Technology risks hindered Victoria's smart meter rollout: Auditor-general

The Victorian auditor-general has delivered a follow-up report on the roll out of smart meters, revealing that technology risks had affected the expected consumer benefits of the program.

Despite the fact that Victorians will have spent AU$2.2 billion once the installation of smart meters in all homes and businesses is complete, only 80 percent of the benefits predicted originally are currently being realised, according to a follow-up audit report by the Victorian Auditor-General's Office (VAGO).

In 2006, the Victorian government mandated the roll out of smart electricity meters to all households and small businesses across Victoria under the Advanced Metering Infrastructure (AMI) program. While the program was set to be completed in December 2013, it was only finished in June 2014.

The audit was initiated by Victorian Auditor-General John Doyle to examine whether the issues identified in the 2009 audit have been addressed, and whether the Department of Economic Development, Jobs, Transport, and Resources (DEDJTR) can demonstrate that its AMI program is delivering the expected consumer benefits and is set up to maximise longer-term benefits.

"When the rollout was announced, the benefits were promoted widely. However, when the government reviewed the program in 2011, it was clear there would be no overall benefit to consumers, but instead a likely cost of AU$319 million," Doyle said.

"When the continuation of the rollout was announced at this time, it was said to be the 'better option' for Victoria, but it was not made clear that this was based on excluding the costs that consumers had already incurred."

The Realising the Benefits of Smart Meters audit report [PDF], released on Wednesday, highlighted that the technology risks involved in the roll out of the AMI program are continuing to be addressed.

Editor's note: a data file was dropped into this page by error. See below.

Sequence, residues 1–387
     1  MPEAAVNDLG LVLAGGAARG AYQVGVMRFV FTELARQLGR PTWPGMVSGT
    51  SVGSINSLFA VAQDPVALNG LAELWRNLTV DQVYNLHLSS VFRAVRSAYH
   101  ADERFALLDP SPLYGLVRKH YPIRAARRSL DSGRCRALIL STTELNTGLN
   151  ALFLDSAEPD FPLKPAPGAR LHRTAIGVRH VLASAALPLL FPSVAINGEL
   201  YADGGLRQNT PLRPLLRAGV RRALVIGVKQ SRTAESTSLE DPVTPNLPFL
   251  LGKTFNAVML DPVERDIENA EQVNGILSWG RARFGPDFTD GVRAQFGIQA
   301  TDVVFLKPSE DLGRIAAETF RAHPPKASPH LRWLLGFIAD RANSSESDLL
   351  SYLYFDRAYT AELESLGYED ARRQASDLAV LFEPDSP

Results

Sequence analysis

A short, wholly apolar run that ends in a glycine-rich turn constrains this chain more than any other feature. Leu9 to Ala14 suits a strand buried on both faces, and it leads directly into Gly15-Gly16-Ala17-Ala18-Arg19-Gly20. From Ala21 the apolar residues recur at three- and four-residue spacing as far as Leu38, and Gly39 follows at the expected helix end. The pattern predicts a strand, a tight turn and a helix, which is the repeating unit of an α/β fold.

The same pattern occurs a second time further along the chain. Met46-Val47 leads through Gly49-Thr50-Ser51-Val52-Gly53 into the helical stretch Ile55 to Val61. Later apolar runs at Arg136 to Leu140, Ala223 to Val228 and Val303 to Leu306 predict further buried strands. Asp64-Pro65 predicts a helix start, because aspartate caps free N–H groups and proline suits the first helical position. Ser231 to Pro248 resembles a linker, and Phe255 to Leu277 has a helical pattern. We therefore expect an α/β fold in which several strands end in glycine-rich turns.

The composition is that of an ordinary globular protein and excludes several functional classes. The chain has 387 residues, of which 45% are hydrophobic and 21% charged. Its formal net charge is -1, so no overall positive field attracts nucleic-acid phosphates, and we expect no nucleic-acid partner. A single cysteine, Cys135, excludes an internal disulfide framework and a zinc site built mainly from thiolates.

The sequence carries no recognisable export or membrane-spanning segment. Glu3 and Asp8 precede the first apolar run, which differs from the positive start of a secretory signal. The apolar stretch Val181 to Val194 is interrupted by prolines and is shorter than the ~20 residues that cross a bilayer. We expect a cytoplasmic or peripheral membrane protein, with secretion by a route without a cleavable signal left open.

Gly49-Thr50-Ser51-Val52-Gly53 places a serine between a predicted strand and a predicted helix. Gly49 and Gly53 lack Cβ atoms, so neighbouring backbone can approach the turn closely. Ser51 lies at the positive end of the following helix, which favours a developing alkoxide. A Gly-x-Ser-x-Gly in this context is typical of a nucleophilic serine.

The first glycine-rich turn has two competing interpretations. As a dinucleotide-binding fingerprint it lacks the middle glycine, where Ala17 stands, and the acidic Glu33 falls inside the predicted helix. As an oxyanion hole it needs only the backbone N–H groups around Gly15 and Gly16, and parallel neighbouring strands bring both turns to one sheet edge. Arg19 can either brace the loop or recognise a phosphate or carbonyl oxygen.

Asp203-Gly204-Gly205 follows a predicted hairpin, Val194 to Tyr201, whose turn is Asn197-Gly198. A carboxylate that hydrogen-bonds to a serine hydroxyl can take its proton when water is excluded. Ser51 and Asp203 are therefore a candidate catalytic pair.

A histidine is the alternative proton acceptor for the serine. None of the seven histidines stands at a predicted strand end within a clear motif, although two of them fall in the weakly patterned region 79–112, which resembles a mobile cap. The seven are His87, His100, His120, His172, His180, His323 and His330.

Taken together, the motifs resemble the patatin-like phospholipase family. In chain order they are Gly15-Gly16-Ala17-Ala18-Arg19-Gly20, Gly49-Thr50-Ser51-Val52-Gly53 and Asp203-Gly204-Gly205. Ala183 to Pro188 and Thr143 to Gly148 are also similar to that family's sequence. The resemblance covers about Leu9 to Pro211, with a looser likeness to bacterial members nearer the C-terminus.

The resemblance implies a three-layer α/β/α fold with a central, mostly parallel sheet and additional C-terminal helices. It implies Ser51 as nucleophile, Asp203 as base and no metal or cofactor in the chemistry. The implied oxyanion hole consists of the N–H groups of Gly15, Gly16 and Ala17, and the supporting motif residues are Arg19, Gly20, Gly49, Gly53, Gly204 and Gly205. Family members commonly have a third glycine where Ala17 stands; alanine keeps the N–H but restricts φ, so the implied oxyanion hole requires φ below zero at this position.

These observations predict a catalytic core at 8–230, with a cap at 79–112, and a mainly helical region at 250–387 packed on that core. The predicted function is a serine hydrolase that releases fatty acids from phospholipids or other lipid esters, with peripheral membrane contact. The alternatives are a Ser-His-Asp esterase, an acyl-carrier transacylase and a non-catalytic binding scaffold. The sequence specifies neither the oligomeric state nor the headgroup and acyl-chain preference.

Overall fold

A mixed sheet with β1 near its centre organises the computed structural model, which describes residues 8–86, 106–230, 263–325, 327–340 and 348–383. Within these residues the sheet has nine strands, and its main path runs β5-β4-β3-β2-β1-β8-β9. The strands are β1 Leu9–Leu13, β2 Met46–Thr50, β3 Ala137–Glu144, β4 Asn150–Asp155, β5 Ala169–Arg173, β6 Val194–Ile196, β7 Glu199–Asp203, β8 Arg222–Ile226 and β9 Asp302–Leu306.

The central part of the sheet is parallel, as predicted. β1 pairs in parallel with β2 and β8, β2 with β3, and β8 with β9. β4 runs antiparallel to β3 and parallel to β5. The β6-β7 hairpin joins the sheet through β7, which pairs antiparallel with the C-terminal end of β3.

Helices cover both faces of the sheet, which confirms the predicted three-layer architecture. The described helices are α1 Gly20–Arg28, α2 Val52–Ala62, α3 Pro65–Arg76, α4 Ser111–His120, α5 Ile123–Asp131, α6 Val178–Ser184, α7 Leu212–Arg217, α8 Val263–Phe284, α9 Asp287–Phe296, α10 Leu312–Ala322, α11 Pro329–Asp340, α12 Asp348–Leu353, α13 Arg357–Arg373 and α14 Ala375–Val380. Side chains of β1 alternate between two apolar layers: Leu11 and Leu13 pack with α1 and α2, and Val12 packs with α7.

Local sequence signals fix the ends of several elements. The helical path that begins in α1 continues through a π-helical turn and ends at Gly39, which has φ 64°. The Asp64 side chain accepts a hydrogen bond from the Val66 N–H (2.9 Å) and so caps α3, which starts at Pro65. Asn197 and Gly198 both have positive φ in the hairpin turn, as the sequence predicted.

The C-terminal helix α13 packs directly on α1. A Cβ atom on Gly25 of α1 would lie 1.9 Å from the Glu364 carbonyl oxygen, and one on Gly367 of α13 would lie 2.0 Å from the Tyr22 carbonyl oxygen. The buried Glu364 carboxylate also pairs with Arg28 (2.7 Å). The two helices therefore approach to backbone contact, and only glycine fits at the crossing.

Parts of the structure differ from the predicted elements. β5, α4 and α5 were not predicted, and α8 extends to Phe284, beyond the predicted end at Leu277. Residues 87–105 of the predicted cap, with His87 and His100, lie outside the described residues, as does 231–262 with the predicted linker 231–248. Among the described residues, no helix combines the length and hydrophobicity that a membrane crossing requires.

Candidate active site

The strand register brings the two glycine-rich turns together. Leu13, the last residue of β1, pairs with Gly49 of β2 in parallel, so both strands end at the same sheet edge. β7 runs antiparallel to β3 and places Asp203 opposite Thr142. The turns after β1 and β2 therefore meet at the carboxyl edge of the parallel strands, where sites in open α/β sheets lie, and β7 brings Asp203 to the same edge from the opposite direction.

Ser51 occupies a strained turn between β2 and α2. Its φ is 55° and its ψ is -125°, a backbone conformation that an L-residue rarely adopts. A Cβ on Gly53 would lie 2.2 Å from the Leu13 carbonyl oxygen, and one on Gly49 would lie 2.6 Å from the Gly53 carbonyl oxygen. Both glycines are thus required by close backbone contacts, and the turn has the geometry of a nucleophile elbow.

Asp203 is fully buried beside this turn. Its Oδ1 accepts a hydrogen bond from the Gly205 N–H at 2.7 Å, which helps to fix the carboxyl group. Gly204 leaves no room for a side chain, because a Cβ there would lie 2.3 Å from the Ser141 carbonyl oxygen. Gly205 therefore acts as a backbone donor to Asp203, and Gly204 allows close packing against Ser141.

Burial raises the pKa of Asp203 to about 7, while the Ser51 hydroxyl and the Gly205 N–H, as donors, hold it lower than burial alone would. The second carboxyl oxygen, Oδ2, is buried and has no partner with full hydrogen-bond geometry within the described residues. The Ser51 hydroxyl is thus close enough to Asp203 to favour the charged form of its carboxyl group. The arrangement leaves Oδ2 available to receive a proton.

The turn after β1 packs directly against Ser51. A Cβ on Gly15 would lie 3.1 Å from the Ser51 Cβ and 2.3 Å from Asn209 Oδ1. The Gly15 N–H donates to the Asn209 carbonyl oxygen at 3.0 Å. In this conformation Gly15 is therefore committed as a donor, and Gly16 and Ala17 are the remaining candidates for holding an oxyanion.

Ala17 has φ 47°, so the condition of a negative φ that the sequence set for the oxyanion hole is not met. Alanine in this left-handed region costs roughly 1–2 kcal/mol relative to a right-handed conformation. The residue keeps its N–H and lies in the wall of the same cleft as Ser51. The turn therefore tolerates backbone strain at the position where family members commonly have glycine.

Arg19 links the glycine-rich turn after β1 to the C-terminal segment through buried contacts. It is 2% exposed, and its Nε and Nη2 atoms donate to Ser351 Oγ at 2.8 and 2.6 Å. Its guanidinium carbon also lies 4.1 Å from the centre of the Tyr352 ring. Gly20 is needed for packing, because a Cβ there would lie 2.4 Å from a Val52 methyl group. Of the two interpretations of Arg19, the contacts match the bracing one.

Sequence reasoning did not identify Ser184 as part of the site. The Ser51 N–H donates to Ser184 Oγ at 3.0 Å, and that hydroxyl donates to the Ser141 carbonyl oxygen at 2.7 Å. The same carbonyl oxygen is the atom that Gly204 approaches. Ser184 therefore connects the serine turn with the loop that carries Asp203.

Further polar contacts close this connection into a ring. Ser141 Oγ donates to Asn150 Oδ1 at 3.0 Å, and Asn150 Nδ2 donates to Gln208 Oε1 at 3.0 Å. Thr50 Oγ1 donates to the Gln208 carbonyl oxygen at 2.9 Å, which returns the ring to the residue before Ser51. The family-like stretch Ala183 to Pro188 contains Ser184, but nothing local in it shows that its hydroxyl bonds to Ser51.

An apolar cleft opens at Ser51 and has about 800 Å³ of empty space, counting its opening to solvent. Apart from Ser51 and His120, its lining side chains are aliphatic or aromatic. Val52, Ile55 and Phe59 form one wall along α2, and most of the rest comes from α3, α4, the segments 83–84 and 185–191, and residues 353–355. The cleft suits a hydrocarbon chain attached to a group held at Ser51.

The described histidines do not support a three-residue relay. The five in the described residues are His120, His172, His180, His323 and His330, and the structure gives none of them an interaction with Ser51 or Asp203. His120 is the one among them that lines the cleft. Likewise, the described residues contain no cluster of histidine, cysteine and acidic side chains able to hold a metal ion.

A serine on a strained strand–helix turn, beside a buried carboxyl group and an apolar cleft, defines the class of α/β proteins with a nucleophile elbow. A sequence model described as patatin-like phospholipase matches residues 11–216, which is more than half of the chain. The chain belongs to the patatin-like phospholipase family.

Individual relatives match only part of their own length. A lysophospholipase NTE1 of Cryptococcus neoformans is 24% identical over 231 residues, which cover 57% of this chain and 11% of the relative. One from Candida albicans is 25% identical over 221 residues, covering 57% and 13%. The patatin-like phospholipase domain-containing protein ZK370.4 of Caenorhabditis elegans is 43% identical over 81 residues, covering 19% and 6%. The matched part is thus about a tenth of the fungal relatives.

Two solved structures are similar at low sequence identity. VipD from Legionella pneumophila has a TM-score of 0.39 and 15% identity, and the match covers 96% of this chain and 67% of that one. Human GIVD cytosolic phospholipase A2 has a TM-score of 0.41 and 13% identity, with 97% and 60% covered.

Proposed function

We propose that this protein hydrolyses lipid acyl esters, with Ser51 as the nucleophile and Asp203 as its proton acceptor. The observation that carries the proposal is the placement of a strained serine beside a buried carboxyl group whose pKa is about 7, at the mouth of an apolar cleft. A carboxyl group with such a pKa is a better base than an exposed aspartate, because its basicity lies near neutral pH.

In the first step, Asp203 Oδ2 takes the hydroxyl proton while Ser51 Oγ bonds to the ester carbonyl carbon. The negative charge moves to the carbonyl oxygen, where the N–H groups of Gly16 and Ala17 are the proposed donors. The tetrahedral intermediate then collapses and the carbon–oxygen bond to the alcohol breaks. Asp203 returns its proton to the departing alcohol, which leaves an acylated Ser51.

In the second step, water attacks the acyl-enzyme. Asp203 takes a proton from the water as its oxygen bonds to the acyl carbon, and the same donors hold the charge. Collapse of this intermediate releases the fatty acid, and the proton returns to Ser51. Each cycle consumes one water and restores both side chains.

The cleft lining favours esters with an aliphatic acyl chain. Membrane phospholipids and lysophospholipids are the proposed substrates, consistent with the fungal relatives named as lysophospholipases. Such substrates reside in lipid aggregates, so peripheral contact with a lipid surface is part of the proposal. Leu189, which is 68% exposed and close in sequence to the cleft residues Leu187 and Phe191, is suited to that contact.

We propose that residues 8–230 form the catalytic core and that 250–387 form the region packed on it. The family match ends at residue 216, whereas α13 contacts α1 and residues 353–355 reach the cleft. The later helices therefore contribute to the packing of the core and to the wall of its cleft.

The audit pointed out that as of January 2015, one distributor had approximately 270,000 meters that could not be remotely read due to technology failures, and as a result had affected the completion of the rollout and the realisation of any benefits.

According to Doyle, the DEDJTR has advised that the issue stemmed from its information management systems failing under the high data load, and that this issue would not have been identified during technical testing of the different available technologies.

The audit report has indicated that the DEDJTR implemented measures to penalise the distributor for its slow rollout progress under the rebate policy, which provides an incentive for the distributor to resolve these issues as quickly and efficiently as possible.

"The relevant departments have been proactive in making submissions to the AER [Australian Energy Regulator] to ensure that the costs associated with the technology problems are not borne by consumers," the report said.

"For example, DEDJTR made a submission to the AER's assessment of the 2015 metering charges, urging the AER to robustly assess the prudence of the distributor's application to adjust their 2015 metering services charges by over 40 percent to recover an additional AU$70.5 million from consumers."

As a result, the audit said that the AER had decided only AU$47.8 million of the AU$70.5 million was "prudent and efficient" expenditure to be passed on to customers. The remaining AU$22.7 million was deemed to be excess expenditure that the distributor incurred due to its continued implementation of its chosen technology and was therefore rejected, the report said.